We should never forget the fact that knowledge is power; the more you know, the more you are able to achieve. Bestselling author Brian Tracy adds that ‘knowledge is the primary source of value in our world today and your ability to expand your mind and devote yourself to lifelong learning is the key to breaking any success barriers that may be in front of you’. However, you must be aware that acquiring the knowledge itself is not the only step; the key to growth is applying what you have learnt into your job. Having this knowledge also helps you continue to make meaningful contributions to your team as you can work more efficiently and are well informed.

 

 

Increases future employability

In today’s tough job market, furthering your education and enhancing your current skills can help you to stand out among other job seekers. Although you may not currently be looking for a new job, you cannot predict the future with 100% confidence. It is important to always be thinking ahead and consider whether any activities can be of benefit to your future self. You can never be certain of your career path, for example after undertaking professional development activities such as a Masters qualification, you may graduate with a new outlook on the business world and wish to take your career in a different direction. Possessing a large amount of qualifications can only be of benefit during the recruitment process of a new position. A history of professional development showcases your knowledge, but also reflects your character. Actively seeing out opportunities to better yourself demonstrates your proactive work ethic, your commitment to maintaining your skills, and your motivation to stay at the top of your field.

 

 

It’s a career long obligation

The reality is, partaking in professional development activities is a career long obligation. If you are not open to learning new skills, you cannot expect to progress in your career. There will be occasions where your organisation will require you to undertake educational workshops, or attend conferences, but also remember to actively seek out your own opportunities. Henry Ford once said ‘Anyone who stops learning is old, whether at twenty or eighty. Anyone who keeps learning stays young’. This is an important quote to take on board, regardless of your age or the stage that you are at in your career. Learning must be made a priority.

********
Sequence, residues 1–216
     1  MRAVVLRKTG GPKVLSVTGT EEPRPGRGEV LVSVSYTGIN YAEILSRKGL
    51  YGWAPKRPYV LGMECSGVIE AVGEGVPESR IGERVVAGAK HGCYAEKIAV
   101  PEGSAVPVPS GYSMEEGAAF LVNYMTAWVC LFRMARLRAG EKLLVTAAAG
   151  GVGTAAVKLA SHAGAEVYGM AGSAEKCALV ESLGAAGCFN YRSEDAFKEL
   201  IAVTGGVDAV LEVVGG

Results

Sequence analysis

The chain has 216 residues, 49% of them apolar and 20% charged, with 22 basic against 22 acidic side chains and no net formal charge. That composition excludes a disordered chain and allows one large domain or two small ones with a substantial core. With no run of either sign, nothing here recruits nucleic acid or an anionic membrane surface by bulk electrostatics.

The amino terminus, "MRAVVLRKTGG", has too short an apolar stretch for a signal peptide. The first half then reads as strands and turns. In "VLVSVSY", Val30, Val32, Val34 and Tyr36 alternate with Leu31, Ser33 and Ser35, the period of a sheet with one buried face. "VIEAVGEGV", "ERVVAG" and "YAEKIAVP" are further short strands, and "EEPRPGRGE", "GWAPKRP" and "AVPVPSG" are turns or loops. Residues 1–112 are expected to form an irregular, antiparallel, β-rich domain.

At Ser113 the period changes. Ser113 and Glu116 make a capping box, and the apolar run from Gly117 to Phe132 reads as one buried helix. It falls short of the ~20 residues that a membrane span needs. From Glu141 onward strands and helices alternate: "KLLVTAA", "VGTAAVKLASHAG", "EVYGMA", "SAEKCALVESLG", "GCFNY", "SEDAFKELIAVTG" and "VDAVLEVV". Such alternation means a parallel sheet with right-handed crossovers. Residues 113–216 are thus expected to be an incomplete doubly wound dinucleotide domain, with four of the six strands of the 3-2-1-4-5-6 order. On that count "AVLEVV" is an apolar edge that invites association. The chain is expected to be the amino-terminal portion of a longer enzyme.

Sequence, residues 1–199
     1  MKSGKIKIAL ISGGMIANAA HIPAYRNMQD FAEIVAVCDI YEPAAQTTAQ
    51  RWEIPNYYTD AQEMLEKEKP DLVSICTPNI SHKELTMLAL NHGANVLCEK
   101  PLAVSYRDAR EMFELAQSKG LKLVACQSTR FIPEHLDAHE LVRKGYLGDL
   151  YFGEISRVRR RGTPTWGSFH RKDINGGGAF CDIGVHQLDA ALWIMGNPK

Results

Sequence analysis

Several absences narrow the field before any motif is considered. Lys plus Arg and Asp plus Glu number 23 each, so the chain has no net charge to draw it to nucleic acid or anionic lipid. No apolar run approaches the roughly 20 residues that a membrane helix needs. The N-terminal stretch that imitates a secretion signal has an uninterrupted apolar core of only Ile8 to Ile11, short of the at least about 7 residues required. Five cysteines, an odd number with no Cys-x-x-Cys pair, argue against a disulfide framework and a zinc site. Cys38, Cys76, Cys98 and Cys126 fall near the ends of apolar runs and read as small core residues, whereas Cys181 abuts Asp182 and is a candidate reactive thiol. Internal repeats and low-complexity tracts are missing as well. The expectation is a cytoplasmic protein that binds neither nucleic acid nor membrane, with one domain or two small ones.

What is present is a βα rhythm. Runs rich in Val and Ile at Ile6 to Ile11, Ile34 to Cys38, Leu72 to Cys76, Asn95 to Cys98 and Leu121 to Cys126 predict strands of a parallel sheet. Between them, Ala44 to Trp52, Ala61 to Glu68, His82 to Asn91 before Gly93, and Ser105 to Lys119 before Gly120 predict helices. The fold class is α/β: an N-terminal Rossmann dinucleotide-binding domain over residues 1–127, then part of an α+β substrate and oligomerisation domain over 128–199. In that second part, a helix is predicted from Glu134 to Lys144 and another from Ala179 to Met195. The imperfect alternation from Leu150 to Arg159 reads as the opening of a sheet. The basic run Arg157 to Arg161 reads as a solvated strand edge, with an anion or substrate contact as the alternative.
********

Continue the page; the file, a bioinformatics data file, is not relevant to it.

What do you think?

Overall, I believe that professional development activities can do nothing but benefit your career. You must always be open to learning new things and growing your capabilities. I am interested to hear your views – do you value professional development as much as I do? Can you share some examples of when it has helped you? Please feel free to comment your opinion below and join in the discussion.

If you are considering undertaking some professional development, why not consider the AIB work-applied 12 Month MBA. Whether you are looking to grow or start a business, climb the corporate ladder, increase your salary, change your career path, maintain your current position or just get qualified – the MBA will be of benefit to you.

This article was written by Laura Hutton on behalf of the Australian Institute of Business. All opinions are that of the writer and do not necessarily reflect the opinion of AIB. The following sources have been used to prepare this article: Continuing Professional Development; PD How2;  and the MacMillan Dictionary.